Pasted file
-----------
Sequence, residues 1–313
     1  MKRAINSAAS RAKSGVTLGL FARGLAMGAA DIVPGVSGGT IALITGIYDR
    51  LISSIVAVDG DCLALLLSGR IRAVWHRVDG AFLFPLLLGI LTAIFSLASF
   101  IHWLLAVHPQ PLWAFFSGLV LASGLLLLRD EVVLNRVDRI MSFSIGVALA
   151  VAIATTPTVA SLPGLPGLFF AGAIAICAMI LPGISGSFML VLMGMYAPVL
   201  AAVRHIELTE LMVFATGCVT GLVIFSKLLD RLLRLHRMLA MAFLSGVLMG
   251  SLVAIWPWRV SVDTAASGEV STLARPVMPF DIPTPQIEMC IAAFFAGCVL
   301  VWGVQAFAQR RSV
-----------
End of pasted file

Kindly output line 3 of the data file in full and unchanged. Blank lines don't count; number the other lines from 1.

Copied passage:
    51  LISSIVAVDG DCLALLLSGR IRAVWHRVDG AFLFPLLLGI LTAIFSLASF